This Node Is Wrong. A republic is an indirect democracy, also known as a representative democracy. My proof:

Exibit A: Dictionary definition of democracy from Webster's Third New International Dictionary, Unabridged: ". . .(2) : a form of government in which the supreme power is vested in the people and is exercised by them indirectly through a system of representation and delegated authority in which the people choose their their officials and representatives at periodically held elections.. (emphasis mine) I also checked another dictionary and it said basically the same thing. Thus, the U.S.A is a democracy. It is also a republic, as shown in...

Exibit B: Ibid. republic def. "b (1) a government in which supreme power resides in a body of citizens entitled to vote and is exercised by elected officials and representatives responsible to them and governing according to law : REPRESENTATIVE DEMOCRACY" Thus a republic is a democracy.

Research, research, research!

I will now reply to SharQ because he makes good points.

America does only have two major parties.

  • If there were twenty parties and one consistently ruled (winning elections by a small margin) for a really long time would it be a democracy? Where do you draw the line? My point here is that if a country's populace has a very homogeneous political opinion then the candidates that represent that opinion will win consistently. It's still a democracy. Democracy refers to the system--the procedure by which the leader(s) are selected--not the political opinion. (Unless, perhaps, the popular opinion is that we should have a dictatorship. But that's not the leading American mindset so it's irrelevant.)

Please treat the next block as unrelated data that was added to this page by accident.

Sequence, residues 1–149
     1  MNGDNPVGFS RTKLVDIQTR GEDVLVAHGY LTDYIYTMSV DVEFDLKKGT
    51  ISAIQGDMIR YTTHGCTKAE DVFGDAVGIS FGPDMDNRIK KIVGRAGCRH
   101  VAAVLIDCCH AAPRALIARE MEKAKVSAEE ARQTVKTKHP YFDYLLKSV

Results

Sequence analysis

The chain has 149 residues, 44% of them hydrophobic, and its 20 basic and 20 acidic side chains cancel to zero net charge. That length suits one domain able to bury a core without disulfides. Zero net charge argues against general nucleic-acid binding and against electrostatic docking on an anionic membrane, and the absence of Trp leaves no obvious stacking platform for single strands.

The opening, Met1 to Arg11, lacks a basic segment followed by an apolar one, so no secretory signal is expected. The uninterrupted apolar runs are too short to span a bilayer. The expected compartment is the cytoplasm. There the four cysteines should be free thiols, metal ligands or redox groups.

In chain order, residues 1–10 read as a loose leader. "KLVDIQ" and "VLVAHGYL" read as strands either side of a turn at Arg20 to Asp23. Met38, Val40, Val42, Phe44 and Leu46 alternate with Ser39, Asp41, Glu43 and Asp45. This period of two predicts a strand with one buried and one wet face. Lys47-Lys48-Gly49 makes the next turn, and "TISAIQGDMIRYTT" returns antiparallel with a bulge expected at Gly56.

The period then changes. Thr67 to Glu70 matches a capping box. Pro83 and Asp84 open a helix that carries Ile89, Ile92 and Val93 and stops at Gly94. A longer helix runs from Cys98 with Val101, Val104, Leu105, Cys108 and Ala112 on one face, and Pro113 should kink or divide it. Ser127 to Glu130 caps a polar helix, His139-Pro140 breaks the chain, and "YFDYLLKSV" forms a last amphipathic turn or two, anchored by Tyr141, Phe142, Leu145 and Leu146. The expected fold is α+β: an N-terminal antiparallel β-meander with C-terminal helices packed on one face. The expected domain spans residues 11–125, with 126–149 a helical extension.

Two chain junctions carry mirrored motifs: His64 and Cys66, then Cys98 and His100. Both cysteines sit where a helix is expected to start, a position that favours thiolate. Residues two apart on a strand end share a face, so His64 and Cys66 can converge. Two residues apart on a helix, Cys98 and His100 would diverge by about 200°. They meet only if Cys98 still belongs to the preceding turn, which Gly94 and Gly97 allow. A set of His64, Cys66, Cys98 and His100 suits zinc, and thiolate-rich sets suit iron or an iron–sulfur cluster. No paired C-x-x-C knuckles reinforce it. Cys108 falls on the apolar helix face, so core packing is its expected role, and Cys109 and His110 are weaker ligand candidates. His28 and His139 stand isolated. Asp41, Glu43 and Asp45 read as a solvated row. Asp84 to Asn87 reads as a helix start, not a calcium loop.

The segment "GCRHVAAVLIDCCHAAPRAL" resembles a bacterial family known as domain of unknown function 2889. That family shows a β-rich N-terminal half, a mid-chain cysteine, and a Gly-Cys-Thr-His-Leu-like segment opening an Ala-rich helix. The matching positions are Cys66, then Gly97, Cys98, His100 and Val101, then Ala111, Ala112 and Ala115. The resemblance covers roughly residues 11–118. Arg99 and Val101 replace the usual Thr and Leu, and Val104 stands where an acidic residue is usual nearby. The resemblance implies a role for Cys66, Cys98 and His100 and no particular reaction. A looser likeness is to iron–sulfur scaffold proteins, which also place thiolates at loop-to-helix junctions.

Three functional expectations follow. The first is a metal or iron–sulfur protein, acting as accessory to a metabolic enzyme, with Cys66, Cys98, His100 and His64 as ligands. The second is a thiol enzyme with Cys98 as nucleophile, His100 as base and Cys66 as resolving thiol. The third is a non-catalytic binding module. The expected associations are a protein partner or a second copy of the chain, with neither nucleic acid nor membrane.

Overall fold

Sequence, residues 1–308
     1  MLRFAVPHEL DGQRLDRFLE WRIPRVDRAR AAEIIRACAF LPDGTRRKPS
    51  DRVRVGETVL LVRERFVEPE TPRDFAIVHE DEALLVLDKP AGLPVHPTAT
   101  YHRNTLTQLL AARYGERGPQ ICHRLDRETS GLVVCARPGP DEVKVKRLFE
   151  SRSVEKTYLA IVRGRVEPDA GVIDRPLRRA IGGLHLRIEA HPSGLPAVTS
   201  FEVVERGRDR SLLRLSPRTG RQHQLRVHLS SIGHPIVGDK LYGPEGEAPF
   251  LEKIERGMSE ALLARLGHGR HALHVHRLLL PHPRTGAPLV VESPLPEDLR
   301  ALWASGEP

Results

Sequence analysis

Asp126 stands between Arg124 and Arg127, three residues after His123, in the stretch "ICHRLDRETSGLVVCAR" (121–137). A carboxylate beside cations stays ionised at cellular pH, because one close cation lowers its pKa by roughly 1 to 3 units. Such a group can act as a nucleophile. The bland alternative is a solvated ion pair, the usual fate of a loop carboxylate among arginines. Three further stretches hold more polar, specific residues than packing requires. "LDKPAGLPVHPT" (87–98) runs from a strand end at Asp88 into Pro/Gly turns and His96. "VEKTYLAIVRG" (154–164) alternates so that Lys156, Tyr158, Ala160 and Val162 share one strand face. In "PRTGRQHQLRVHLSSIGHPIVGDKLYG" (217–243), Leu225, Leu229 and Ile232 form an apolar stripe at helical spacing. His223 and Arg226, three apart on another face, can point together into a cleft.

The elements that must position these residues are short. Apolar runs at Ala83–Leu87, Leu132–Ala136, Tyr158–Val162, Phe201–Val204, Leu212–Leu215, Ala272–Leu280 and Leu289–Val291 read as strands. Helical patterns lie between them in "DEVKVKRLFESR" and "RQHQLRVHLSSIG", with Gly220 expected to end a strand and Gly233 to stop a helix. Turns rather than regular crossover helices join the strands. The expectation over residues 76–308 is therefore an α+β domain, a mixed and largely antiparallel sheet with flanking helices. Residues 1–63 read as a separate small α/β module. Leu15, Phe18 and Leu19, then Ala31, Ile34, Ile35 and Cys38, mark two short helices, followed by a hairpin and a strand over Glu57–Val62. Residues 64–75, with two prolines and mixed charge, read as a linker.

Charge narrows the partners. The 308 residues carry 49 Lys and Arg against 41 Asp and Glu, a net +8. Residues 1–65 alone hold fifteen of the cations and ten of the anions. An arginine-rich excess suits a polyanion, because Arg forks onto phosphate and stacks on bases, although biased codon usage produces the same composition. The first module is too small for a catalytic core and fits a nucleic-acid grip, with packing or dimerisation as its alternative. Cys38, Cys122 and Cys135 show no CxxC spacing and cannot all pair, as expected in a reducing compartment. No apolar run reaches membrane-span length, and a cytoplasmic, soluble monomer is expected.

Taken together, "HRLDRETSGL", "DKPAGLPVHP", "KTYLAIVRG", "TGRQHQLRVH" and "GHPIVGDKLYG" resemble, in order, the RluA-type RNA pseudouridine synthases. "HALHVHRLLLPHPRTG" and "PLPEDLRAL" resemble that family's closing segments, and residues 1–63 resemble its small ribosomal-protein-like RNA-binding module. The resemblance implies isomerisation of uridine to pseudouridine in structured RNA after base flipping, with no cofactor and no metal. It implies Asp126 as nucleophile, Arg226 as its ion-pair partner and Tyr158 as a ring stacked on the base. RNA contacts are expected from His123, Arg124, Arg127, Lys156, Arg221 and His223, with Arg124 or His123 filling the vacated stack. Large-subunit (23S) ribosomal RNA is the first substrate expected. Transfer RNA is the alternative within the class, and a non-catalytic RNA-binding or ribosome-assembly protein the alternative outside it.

• The parties keep winning but others exist and can run on a (nearly) equal basis. They don't win because they're not the most popular. That is, because we have a democracy.
  • This doesn't address why there aren't a bunch of parties, but the reason why the parties stay alive for so long is largely because they change to match political opinion. We have different Republican and Democrat parties than we used to; just the names stayed the same.
  • Money: Again, I think this is a big problem but not one that makes us not a democracy. It's de facto not de jure.

An irrelevant point I'd like to make is that while from a Norwegian point-of-view the Democrats and Republicans are both very 'right," but from my perspective (and the perspective of most American experts, I think) they're very centrist. (That's another reason why third parties keep losing: they represent the extremist views who are in nearly every society the minority.)

Re communism v. facist: You need to define terms. In American politics Communism and Facism generally represent the extreme-left: powerful, oppressive central government. (Though actually I think communism is an economic system, not a political system so a comparison makes no sense what-so-ever.)

Your final point: I say above "supreme power resides in a body of citizens entitled to vote" Thus, what matters is not that they do vote but that they're entitled to vote. Democracy essentially means ruled by the people. If half the people choose to defer to others wishes, they're still equally ruling. They control the government just as much as any Norwegian. A voter helps decide their leader by voting for one, a non-voting helps by choosing (that's the key word here) the option of "Whatever you guys decide is okay with me."

See also: America isn't really a democracy, Why does the USA continue to insist it's a Democracy?